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This eBook from the Gutenberg Project consists of approximately 248 pages of information about The Laird's Luck and Other Fireside Tales.

“Certainly, if you drink it in that fashion.  But why not try it with ice?”

“Ice?”

“You will find a chestful in my cell.  Here is the key; which, by the way, has no business with this bunch.  Felipe, yonder, who was always light-fingered, must have stolen it from my work-bench.”

“Hand it over.  One must go to the priests to learn good living.  Here, Jacques le Bec!” He rattled off an order to a long-nosed fellow at his elbow, who saluted and left the chapel, taking the key.

“We shall need a cup to mix it in,” said Brother Bartolome quietly.

One of the pirates thrust the silver chalices into his hands:  for the bottle had been passed from one man to another, and they were thirsty for more.  Brother Bartolome took it, and looked at the Carmelite.  For the moment nobody spoke:  and a queer feeling came over me in my hiding.  This quiet group of persons in the quiet chapel—­it seemed to me impossible they could mean harm to one another, that in a minute or two the devil would be loose among them.  There was no menace in the posture of any one of them, and in Brother Bartolome’s there was certainly no hint of fear.  His back was towards me, but the Carmelite stood facing my gallery, and I looked straight into her eyes as they rested on the cups, and in them I read anxiety indeed, but not fear.  It was something quite different from fear.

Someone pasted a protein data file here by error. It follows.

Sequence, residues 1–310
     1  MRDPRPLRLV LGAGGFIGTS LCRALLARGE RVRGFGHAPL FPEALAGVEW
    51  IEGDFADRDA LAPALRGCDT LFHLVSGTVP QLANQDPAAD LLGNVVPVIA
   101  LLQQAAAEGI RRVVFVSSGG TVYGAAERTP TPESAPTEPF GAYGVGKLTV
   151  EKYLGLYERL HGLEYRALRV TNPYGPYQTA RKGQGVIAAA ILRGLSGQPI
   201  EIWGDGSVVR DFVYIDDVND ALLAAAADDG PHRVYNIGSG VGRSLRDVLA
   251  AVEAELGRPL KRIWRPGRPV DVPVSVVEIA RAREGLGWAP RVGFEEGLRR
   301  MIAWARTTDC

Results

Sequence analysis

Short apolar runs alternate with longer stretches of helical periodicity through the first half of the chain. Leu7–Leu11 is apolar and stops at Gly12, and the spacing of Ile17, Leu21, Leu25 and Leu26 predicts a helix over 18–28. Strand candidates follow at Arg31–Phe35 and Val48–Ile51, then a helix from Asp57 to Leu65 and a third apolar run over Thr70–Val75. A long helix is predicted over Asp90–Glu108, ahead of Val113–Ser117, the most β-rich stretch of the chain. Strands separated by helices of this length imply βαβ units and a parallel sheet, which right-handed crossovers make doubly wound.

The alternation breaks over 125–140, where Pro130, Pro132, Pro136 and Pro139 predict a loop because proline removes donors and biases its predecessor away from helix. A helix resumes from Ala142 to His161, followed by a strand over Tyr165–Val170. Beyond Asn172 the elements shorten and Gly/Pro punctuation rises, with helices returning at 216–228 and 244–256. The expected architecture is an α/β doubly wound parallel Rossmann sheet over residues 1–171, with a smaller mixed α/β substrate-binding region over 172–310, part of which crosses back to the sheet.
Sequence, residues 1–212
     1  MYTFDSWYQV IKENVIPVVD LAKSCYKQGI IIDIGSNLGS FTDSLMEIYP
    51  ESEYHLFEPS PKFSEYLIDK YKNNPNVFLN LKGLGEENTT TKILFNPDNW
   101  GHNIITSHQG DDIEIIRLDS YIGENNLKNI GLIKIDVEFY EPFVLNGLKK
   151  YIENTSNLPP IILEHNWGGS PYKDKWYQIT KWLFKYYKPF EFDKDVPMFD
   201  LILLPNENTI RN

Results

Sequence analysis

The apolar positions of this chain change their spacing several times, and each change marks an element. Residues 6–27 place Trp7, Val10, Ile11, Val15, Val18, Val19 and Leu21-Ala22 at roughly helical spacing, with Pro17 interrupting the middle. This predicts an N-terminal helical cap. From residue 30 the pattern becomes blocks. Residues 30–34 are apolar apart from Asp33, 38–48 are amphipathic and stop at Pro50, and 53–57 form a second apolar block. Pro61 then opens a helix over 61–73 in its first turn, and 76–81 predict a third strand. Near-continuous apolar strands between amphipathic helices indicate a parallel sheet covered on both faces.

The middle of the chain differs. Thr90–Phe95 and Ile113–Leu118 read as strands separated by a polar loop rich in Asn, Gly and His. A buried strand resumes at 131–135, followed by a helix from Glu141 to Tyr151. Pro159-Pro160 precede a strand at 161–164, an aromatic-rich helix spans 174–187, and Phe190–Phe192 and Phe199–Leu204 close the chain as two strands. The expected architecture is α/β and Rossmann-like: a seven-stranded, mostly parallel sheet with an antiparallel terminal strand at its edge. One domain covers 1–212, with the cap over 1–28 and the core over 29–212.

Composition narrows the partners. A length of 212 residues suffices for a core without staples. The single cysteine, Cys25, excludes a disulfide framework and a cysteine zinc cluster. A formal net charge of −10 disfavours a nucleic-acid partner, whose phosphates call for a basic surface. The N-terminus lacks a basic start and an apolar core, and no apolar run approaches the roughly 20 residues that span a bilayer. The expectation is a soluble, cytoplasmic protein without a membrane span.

The noise of Jacques le Bec’s footstep in the ante-chapel broke this odd spell of silence.  The man Evans uncrossed his legs and took a pace to meet him.  “Here, hand me a couple of bottles.  How much will the cups hold?”

“A bottle and a half, or thereabouts:  that is, if you allow for the ice.”

Jacques carried the bottles in a satchel, and a block of ice in a wrapper under his left arm.  He handed over the satchel, set down the ice on the pavement and began to unwrap it.  At a word from Evans he fell to breaking it up with the pommel of his sword.

“We must give it a minute or two to melt,” Evans added.  And again a silence fell, in which I could hear the lumps of ice tinkling as they knocked against the silver rims of the chalices.

“The ice is melted.  Is it your pleasure that I first taste this also?” Brother Bartolome spoke very gravely and deliberately.

“I believe,” sneered Evans, “that on these occasions the religious are the first to partake.”

The friar lifted one of the chalices and drank.  He held it to his lips with a hand that did not shake at all; and, having tasted, passed it on to Evans without a word or a glance.  His eyes were on the Carmelite, who had taken half a step forward with palms held sidewise to receive the chalice he still held in his right hand.  He guided it to her lips, and his left hand blessed her while she drank.  Almost before she had done, the Frenchman, Jacques le Bec, snatched it.

The Carmelite stood, swaying.  Brother Bartolome watched the cups as they went full circle.

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